Prosecutors said FBAR is used in both consumer phones and a variety of military and defense communications technologies.

According to intelligence sources, Tianjin University is believed to be a front for China's military in developing and acquiring foreign commercial and military technology.

A Tianjin University official identified in the indictment only as "J.Y." worked at the Academy of Sciences and ran the university's College of Precision Instrument and Opto-Electronic Engineering where Zhang and Pang are professors. The indictment says J.Y. "had substantial connections" to the Chinese government and is a member of numerous Communist Party of China political committees.

Messages obtained by federal investigators and made public in court documents reveal the plan was to "move Avago to China" and create a new company in China that Pang stated in one message would be called "Clifbaw"—short for "China lift BAW technology." BAW stands for bulk acoustic wave, an electronic filter used in cell phones to eliminate interference and one of the technologies stolen in the San Jose case.

Other text messages between Zhang and Pang submitted in the case that were obtained from Zhang's phone reveal the Tianjin professors were working with China's ZTE telecommunications company and with at least two Chinese military-related institutes.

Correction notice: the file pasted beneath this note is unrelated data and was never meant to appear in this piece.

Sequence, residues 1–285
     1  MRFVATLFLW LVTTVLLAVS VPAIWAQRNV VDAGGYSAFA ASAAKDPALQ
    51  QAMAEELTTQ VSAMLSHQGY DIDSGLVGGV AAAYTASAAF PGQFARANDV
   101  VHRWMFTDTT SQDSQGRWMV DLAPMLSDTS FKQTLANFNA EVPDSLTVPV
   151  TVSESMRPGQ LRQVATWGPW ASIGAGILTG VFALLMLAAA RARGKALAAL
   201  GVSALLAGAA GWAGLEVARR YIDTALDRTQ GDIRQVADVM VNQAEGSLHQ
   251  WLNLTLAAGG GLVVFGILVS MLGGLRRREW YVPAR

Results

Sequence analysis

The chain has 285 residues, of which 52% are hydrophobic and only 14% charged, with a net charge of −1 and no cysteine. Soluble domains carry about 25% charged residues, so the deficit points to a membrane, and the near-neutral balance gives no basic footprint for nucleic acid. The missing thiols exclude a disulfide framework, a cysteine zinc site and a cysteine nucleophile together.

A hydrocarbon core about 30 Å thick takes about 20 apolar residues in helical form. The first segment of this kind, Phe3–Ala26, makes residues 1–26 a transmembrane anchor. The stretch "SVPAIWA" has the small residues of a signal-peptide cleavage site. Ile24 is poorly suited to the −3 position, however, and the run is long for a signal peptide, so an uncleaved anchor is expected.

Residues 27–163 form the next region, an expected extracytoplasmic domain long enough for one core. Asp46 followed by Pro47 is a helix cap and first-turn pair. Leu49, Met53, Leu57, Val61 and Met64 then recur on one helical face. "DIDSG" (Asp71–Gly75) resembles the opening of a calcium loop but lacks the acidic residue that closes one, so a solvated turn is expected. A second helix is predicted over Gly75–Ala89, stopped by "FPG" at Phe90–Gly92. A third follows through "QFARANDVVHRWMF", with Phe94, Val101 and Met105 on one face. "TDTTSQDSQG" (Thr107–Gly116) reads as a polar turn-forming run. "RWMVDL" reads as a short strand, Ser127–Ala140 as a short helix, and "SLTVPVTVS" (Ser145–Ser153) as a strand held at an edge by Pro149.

The slide sent to ZTE bore the headline "Bulk Acoustic Wave (BAW) RF Filters For Wireless Communications."

"In addition to discussing the importance and performance of Novana's BAW products, the presentation contained published Avago product information to illustrate Novana's products, and performance charts that referenced Skyworks product performance," the document, an evidentiary stipulation of facts, states.

ZTE was slapped with crippling sanctions by the Trump administration last year for illicit dealings with Iran and North Korea. The sanctions, however, were lifted when the company agreed to a personnel restructuring and a $1 billion fine was imposed.

ZTE and Huawei Technologies, another major telecommunications firm, currently are the target of Trump administration efforts to limit China's government from penetrating overseas computer and communications networks.

Commerce Secretary Wilbur Ross in June identified the companies as posing national security threats. "Both are doing practices that we think are potentially injurious to our national security," Ross told CNBC.

The messages in the economic espionage case obtained from WeChat, a Chinese messaging service, quote Zhang in 2015 as saying "Institute 13 is our only client for military products."

Institute 13 refers to the China Electronics Technology Group Corp. (CETC) Research Institute 13. The institute specializes in electro-optical work and is headquartered in Shijiazhuang, China.

Last year, the Commerce Department's Bureau of Industry and Security placed CETC 13 and a dozen of its subordinate institutes on the Entity List—a blacklist of foreign companies banned from purchasing U.S. goods. The ban was imposed after BIS ruled the institutes "are involved in the illicit procurement of commodities and technologies for unauthorized military end-use in China."

In another message, Zhang asked about work on a "5g oscillator " and noted that "Institute 23 is pushing for results."